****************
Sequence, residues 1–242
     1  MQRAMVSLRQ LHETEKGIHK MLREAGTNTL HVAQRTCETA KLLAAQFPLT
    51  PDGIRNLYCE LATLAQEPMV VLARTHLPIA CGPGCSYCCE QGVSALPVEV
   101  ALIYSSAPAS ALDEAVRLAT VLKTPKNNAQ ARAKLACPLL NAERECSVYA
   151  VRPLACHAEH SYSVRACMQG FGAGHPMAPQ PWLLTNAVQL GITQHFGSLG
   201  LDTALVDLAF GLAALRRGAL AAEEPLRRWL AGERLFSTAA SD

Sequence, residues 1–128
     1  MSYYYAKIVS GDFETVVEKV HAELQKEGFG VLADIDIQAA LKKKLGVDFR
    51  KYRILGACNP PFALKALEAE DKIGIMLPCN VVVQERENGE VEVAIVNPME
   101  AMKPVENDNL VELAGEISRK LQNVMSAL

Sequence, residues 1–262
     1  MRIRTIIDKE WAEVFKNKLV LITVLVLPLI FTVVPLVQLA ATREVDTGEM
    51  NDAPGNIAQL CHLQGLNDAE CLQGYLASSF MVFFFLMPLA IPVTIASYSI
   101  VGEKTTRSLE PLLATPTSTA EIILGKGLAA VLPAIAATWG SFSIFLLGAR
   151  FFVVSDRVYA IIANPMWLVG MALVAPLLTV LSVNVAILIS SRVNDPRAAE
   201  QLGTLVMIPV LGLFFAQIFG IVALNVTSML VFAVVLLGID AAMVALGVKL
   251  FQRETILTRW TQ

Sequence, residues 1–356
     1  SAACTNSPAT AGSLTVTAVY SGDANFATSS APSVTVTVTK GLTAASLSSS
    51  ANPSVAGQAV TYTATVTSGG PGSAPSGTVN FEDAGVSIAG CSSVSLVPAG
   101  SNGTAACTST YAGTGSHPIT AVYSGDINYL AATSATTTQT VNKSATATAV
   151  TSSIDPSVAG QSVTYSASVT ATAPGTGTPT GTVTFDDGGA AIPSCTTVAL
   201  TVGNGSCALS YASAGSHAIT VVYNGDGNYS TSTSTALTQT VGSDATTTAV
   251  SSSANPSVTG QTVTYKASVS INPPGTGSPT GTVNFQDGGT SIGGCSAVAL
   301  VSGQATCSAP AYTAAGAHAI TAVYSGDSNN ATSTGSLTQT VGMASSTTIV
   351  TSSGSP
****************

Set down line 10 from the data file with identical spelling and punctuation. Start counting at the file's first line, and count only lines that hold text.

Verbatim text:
   101  AMKPVENDNL VELAGEISRK LQNVMSAL